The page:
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Wayne's Word Noteworthy Plant For December 1995

An Astonishing Hybrid Nut:

A Cross Between A Filbert & A Rubber Tree

Several years ago, a most remarkable plant was presented to Professor Armstrong by a student in his Biology 100 class just before the Christmas break. According to the inquisitive student, the large nuts came from a recently developed hybrid between the American filbert (Corylus americana) and the rubber tree (Ficus elastica). Professor Armstrong decided to investigate this most unusual botanical discovery in front of his large lecture class demonstrating inductive reasoning and the scientific method.

The nuts appeared practically indistinguishable from ordinary filberts or hazelnuts, and the hybrid hypothesis seemed untenable because the alleged parental trees belonged to very different and unrelated plant families. Filberts belong to the birch family (Betulaceae), while figs belong to the mulberry family (Moraceae). In addition, filberts are typically wind-pollinated, while figs are pollinated by minute, species-specific wasps that enter specialized flower-bearing structures called syconia. The light spot on the outer pericarp seemed a little darker than most filberts, but no other visible distinctions could be detected by Professor Armstrong's careful analysis. The next obvious step in the investigation was to examine the seed enclosed within the hard-shelled nut. Using the sturdy metal base of a ring stand, Professor Armstrong carefully applied a forceful blow to the pericarp wall, fracturing it into several pieces. At that instant a light-colored object flew up into the air, momentarily defying the laws of gravity. Professor Armstrong caught the airborne object with his left hand, and to his astonishment (and to the utter amazement of the class), it was a condom.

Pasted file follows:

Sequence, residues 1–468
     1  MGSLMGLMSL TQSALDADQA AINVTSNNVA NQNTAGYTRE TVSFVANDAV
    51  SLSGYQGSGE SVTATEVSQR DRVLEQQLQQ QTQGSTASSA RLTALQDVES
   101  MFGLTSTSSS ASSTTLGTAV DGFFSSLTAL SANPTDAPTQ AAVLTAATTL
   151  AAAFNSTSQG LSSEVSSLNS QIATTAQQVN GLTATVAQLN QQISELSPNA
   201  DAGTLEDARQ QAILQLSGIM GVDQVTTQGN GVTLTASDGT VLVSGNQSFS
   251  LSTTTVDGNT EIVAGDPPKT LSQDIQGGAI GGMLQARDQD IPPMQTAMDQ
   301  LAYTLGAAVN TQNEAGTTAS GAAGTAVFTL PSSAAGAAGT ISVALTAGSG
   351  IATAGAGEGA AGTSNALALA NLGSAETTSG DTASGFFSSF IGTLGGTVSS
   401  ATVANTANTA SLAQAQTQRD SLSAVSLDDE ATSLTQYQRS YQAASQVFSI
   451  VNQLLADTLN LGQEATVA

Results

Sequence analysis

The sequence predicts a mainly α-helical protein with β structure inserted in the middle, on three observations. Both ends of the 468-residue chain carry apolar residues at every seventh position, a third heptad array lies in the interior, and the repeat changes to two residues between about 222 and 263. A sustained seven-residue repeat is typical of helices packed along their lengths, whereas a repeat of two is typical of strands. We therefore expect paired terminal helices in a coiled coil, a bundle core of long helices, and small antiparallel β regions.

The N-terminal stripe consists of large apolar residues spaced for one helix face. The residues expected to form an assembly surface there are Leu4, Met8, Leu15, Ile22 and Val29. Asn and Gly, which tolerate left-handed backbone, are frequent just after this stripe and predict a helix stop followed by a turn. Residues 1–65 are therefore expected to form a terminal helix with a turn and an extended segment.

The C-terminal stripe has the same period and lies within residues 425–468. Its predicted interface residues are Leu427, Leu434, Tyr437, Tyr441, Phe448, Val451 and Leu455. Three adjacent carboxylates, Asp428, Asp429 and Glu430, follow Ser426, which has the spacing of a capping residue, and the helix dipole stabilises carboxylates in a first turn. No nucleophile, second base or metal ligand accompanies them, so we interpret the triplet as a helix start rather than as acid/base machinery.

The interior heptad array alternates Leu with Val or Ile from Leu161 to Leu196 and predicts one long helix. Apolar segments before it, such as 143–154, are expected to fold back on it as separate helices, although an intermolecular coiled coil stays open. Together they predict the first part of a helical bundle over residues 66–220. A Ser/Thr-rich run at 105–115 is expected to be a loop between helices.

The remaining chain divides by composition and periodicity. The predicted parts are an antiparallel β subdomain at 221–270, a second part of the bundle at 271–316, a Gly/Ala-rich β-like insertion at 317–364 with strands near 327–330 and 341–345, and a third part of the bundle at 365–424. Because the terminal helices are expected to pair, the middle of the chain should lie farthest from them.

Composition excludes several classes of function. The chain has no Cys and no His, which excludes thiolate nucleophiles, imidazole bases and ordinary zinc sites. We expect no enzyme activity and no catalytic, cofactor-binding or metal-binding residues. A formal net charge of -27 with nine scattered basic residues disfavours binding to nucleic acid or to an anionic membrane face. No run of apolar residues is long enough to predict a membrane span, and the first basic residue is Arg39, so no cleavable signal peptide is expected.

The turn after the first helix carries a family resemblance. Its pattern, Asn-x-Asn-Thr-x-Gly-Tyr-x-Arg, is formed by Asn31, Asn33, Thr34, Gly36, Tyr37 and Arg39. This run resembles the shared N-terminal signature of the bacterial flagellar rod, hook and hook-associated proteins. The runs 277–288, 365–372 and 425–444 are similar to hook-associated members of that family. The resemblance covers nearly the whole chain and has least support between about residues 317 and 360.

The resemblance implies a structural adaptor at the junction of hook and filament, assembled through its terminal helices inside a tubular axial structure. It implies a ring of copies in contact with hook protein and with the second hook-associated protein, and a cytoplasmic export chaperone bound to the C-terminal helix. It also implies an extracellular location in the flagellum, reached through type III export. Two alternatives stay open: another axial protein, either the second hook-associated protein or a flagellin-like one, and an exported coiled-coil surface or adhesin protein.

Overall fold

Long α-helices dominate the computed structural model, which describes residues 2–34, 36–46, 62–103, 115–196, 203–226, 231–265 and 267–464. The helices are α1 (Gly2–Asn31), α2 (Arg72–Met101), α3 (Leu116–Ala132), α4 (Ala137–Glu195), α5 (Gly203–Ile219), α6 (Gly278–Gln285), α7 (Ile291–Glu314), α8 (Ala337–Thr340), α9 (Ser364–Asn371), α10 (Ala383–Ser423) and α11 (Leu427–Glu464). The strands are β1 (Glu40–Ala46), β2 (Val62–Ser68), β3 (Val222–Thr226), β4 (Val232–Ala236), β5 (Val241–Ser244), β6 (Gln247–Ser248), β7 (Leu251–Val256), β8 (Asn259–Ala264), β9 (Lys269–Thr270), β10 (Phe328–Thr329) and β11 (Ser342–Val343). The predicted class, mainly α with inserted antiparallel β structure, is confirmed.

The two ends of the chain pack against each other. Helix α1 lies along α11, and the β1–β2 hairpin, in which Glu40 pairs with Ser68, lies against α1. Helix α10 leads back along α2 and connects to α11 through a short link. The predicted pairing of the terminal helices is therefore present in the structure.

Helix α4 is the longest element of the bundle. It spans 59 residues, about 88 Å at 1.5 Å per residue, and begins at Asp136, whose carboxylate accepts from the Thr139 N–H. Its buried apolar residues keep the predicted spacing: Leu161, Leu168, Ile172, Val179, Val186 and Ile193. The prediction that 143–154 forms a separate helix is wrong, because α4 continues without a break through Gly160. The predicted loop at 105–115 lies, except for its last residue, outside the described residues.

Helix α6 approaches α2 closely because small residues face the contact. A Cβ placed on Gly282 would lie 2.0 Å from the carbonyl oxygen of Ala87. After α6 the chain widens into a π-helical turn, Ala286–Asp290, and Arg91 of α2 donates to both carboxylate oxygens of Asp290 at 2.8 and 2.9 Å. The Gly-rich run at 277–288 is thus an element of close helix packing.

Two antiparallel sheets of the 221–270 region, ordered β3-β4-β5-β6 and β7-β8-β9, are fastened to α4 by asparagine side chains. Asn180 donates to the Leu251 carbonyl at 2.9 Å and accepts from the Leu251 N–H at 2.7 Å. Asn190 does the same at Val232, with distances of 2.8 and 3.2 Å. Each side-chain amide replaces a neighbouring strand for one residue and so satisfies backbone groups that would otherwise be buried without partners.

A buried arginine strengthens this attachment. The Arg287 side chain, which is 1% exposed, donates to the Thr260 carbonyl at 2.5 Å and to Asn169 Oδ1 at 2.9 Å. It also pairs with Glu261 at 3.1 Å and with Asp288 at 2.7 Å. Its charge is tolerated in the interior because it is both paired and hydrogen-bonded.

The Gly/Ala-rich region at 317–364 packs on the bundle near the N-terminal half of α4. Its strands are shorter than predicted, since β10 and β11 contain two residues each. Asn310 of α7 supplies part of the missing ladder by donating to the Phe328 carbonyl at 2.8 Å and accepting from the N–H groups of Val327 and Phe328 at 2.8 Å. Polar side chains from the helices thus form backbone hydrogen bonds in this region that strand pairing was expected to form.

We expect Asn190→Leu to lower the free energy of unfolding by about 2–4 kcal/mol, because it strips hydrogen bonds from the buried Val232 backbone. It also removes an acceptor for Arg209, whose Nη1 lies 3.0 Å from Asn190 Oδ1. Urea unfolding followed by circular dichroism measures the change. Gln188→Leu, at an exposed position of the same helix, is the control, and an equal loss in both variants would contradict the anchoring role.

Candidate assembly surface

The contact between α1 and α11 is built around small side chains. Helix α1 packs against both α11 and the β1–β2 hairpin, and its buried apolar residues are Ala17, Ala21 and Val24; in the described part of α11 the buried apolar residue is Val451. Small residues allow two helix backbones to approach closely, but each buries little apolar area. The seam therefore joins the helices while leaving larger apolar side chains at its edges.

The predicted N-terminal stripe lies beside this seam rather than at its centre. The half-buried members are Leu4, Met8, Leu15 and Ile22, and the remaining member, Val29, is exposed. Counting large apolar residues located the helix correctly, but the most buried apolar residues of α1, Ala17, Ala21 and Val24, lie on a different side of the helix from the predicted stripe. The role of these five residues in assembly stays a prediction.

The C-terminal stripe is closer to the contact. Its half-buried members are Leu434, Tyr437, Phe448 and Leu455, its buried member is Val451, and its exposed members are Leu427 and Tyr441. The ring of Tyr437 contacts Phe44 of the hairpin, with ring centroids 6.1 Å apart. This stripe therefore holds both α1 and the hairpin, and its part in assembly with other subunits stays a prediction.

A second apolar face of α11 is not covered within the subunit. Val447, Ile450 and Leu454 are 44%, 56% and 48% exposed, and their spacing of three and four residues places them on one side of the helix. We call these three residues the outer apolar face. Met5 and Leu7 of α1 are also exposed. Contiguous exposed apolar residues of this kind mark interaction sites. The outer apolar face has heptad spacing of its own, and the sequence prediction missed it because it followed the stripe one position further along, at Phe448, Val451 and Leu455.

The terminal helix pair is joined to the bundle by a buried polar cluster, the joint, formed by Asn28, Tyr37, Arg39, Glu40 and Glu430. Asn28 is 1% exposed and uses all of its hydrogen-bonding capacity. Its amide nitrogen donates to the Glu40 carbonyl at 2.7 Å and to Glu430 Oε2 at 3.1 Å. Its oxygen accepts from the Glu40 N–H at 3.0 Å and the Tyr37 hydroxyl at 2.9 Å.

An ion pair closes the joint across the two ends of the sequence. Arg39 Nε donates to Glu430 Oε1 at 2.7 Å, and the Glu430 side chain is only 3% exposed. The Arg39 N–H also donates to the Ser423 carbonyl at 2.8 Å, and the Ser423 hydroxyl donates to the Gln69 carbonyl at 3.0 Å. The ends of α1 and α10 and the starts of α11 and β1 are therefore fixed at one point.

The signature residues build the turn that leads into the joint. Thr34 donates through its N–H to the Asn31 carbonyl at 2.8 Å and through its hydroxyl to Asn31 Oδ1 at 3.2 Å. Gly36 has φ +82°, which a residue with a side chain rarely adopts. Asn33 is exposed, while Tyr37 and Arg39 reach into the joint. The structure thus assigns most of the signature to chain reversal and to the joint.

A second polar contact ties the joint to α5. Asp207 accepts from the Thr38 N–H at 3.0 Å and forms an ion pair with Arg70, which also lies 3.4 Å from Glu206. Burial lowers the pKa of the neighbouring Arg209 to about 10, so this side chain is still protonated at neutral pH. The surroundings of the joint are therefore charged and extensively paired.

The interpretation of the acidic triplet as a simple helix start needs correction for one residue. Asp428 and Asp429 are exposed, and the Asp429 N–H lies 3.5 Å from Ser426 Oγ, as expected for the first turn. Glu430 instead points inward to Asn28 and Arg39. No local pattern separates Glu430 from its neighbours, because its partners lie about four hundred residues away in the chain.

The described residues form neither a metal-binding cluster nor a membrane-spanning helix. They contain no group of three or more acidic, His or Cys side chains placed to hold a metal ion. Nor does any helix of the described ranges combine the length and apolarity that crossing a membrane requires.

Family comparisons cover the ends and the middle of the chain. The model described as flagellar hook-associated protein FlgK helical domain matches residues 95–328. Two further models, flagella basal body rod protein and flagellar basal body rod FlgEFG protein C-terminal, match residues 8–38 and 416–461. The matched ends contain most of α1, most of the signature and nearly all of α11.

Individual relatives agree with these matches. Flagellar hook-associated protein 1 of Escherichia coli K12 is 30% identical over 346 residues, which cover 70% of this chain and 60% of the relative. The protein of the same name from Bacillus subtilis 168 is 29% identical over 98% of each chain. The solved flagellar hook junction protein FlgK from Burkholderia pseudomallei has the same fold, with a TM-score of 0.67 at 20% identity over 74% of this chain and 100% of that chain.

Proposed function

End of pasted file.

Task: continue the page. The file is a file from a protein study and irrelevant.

Assortment of nuts from the filbert and filbert/rubber tree hybrid. The elastic contents of one hybrid nut (top right) has protruded from its herniated pericarp. Can you identify which nuts are unadulterated filberts and which nuts are hybrids?

Further interrogation of the student revealed that her mother makes these special hybrid nuts each Christmas for "stocking stuffers." She simply drills out hundreds of filberts and stuffs each one with a tightly rolled up condom. She then fills the initial invasive hole with wood putty, thus accounting for the slight discoloration on some nuts observed by Professor Armstrong. She sells the nuts for $1.00 each, and after class that day 100 of the hybrid nuts and 100 dollar bills rapidly changed hands in the true spirit of American free enterprise. Professor Armstrong cautioned the students that these hybrid filberts should not be trusted as birth control devices because the stuffing process might have damaged their efficacy of protection. Also please read the following word of caution before giving a condom to a person who is allergic to latex.

Later that day I received a personal visit from the Dean of Science & Technology at Palomar College. I thought I was in trouble for selling special filberts to students during a general biology lecture class. Actually, she bought 10 of them!

Caution: Latex condoms are made from natural rubber obtained from the sap of the para rubber tree (Hevea brasiliensis) in the euphorbia family (Euphorbiaceae). Thousands of people have a life threatening allergy to natural rubber latex, including condoms. Surprising a hypersensitive person with an unexpected gift of "condom-stuffed filberts" might result in a hospital bill and a lawsuit.

See Article About Natural Rubber & Chicle

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